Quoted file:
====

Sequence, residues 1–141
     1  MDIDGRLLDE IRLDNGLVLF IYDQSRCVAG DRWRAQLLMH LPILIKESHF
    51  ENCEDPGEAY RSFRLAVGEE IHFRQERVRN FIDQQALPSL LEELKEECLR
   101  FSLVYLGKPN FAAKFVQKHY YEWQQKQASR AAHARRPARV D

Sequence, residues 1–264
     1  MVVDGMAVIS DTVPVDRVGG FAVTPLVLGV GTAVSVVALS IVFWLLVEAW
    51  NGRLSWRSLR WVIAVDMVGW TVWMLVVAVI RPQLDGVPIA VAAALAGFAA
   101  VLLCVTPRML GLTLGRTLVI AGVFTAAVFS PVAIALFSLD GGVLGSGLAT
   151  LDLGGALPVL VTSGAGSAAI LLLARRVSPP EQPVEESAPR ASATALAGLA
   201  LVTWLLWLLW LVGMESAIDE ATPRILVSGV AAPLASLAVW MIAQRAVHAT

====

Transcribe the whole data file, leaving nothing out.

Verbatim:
Sequence, residues 1–141
     1  MDIDGRLLDE IRLDNGLVLF IYDQSRCVAG DRWRAQLLMH LPILIKESHF
    51  ENCEDPGEAY RSFRLAVGEE IHFRQERVRN FIDQQALPSL LEELKEECLR
   101  FSLVYLGKPN FAAKFVQKHY YEWQQKQASR AAHARRPARV D

Sequence, residues 1–264
     1  MVVDGMAVIS DTVPVDRVGG FAVTPLVLGV GTAVSVVALS IVFWLLVEAW
    51  NGRLSWRSLR WVIAVDMVGW TVWMLVVAVI RPQLDGVPIA VAAALAGFAA
   101  VLLCVTPRML GLTLGRTLVI AGVFTAAVFS PVAIALFSLD GGVLGSGLAT
   151  LDLGGALPVL VTSGAGSAAI LLLARRVSPP EQPVEESAPR ASATALAGLA
   201  LVTWLLWLLW LVGMESAIDE ATPRILVSGV AAPLASLAVW MIAQRAVHAT